163 episodes

Literary interviews and discussions on the latest releases in the world of publishing, from poetry through to physics. Presented by Sam Leith.

The Book Club The Spectator

    • Books

Literary interviews and discussions on the latest releases in the world of publishing, from poetry through to physics. Presented by Sam Leith.

    Samantha Harvey: The Restless Unease

    Samantha Harvey: The Restless Unease

    In this week’s Book Club podcast, Sam's guest is the novelist Samantha Harvey, whose new book — The Shapeless Unease: A Year of Not Sleeping — is an extraordinarily written, funny and terrifying account of her experience with insomnia. She talks to Sam about the strange contortions that the mind makes when the boundaries between conscious and unconscious thought start to fray, and how writing — as she sees it — saved her from madness.
    Presented by Sam Leith.

    • 28 min
    Francesca Wade: Square Haunting

    Francesca Wade: Square Haunting

    Sam's guest on this week’s Book Club podcast is Francesca Wade, whose fascinating first book Square Haunting tells the intersecting stories of five eminent women who lived during the years of and between the world wars in London’s Mecklenburgh Square: Virginia Woolf, Hilda Doolittle, Dorothy L Sayers, Eileen Power and Jane Harrison. In each case, their years in Bloomsbury marked a moment of professional self-invention or reinvention — and of personal trial. Together, they tell the story of a changing way of being for women in the world, and the exhilaration and sometimes painful cost of achieving 'a room of one’s own'.
    Presented by Sam Leith.

    • 38 min
    What do T.S. Eliot's letters reveal about his life and loves?

    What do T.S. Eliot's letters reveal about his life and loves?

    In this week’s Book Club podcast, we’re talking about the life and loves of the greatest poet of the twentieth century. Professor John Haffenden joins Sam to discuss the impact of the opening of an archive of more than 1,000 of Eliot’s letters to Emily Hale — his Harvard sweetheart and the woman who for fifteen years he believed to have been the love of his life. Was he really in love with her or, as he later claimed, simply imagining it? What does he mean when he says that marriage to Emily would have killed him as a poet? And what light does it shed on his poetry? John — who as the editor of T. S. Eliot’s collected letters is one of the first people to have had access to this trove — says that it’s an 'astonishing' haul, and shows Eliot opening up as never before.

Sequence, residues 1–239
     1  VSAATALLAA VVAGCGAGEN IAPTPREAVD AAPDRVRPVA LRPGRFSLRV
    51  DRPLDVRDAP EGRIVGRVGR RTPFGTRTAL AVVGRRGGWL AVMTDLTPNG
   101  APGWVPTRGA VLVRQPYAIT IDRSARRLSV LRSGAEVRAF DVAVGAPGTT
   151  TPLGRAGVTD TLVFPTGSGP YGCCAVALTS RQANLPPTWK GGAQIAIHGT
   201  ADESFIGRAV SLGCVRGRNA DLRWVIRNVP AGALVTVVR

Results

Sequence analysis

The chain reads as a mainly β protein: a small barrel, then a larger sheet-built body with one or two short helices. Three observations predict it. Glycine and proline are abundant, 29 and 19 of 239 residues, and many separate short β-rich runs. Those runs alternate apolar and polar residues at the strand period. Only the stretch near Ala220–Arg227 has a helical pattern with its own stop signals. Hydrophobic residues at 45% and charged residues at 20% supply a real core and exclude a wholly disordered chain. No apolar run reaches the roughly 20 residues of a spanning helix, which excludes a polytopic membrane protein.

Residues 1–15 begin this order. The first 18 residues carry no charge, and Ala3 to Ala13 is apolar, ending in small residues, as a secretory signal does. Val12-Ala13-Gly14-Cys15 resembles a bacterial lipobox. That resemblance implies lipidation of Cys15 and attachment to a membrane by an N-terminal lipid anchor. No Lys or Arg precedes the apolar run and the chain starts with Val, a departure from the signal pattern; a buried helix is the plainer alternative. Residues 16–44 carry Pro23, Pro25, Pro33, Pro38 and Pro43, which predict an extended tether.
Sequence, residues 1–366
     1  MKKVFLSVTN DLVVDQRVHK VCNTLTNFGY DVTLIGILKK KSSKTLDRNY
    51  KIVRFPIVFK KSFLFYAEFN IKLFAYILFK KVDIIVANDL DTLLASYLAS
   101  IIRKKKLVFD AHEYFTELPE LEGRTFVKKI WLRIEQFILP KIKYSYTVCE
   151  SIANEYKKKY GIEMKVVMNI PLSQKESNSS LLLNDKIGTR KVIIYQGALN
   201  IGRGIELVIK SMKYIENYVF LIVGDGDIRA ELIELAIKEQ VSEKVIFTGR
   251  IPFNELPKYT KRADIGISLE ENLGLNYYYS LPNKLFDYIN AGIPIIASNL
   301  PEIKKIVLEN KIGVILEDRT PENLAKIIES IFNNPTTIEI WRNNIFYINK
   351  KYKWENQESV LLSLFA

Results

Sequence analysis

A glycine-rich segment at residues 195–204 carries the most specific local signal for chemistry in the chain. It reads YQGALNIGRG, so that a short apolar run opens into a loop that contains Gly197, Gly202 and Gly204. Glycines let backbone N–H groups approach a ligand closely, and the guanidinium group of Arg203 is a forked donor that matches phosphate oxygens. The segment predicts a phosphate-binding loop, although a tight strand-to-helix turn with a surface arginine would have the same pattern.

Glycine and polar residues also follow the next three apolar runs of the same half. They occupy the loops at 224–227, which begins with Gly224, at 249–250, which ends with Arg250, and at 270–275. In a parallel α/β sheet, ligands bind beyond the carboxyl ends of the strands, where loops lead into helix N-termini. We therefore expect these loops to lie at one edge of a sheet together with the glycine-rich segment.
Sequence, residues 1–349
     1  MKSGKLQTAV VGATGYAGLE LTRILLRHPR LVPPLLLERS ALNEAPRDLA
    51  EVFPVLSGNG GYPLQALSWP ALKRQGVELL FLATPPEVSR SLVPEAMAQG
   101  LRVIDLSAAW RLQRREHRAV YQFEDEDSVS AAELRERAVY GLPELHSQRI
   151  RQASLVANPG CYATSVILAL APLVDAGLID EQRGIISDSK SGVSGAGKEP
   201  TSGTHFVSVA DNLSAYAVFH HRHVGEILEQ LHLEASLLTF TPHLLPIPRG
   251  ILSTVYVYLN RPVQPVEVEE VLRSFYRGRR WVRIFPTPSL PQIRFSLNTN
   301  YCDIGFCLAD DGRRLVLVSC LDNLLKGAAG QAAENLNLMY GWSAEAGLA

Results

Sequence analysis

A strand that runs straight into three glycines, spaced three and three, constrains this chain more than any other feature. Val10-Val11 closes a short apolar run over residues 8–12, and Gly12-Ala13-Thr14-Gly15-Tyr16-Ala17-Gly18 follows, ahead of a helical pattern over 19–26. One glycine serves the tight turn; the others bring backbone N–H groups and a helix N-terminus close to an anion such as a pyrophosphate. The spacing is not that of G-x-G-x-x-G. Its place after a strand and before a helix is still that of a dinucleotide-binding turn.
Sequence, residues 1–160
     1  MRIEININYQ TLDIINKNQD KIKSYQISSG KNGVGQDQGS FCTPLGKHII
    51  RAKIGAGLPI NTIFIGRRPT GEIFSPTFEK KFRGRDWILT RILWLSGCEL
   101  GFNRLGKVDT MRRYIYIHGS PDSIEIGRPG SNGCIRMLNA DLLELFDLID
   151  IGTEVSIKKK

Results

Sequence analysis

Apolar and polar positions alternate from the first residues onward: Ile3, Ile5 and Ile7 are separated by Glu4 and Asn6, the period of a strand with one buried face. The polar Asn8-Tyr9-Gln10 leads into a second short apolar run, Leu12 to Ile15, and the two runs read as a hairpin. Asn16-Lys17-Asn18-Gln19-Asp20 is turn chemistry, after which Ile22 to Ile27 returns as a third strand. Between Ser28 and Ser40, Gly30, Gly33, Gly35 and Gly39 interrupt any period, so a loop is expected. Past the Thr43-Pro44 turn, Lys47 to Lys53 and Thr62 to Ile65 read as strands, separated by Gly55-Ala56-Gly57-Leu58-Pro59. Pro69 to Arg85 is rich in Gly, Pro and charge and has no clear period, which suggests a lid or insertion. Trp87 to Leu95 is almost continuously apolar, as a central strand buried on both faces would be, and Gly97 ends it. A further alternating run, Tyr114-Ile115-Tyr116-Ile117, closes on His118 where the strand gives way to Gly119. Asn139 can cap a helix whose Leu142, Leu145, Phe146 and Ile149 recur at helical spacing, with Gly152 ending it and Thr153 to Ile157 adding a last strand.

Presented by Sam Leith.

    • 38 min
    James Ellroy: This Storm

    James Ellroy: This Storm

    In this week’s Book Club podcast, Sam talks to the 'demon dog' of American letters, James Ellroy — whose latest book is This Storm. In a wide-ranging and somewhat NSFW conversation, they talk about misquoting Auden, why Ellroy hates Orson Welles, how he maps out the byzantine plots of his novels, why as a recovering addict he fills his books with pill-poppers and juice heads, why he thinks he's the best crime writer living — and what his dad’s '20-inch wang' had to do with Rita Hayworth.
    Presented by Sam Leith.

    • 41 min
    Piers Torday on the magic of children's books

    Piers Torday on the magic of children's books

    In this week’s Book Club podcast, Sam's guest is the children’s writer Piers Torday, author of the Last Wild trilogy and, most recently, The Frozen Sea. Why is winter such a powerful thing in children’s writing? How come children’s books are such a booming publishing sector when so many people thought that screens would all but kill them off? Why do so many children’s writers have catastrophic personal lives? And how do the stories of today repurpose and live in the stories of the past?
    Presented by Sam Leith.

    • 37 min
    Tom Holland: Dominion

    Tom Holland: Dominion

    In this week's Book Club, Sam's guest is the historian Tom Holland, author of the new book Dominion: The Making of the Western Mind. The book, though as Tom remarks, you might not know it from the cover, is essentially a history of Christianity -- and an account of the myriad ways, many of them invisible to us, that it has shaped and continues to shape Western culture. It's a book and an argument that takes us from Ancient Babylon to Harvey Weinstein's hotel room, draws in the Beatles and the Nazis, and orbits around two giant figures: St Paul and Nietzsche. Is there a single discernible, distinctive Christian way of thinking? Is secularism Christianity by other means? And are our modern-day culture wars between alt-righters and woke progressives a post-Christian phenomenon or, as Tom argues, essentially a civil war between two Christian sects?
    Presented by Sam Leith.

    • 45 min

Customer Reviews

Kindermord ,

Always interesting.

Wide ranging and open - this podcast is always worth a look.

Top Podcasts In Books

Listeners Also Subscribed To

More by The Spectator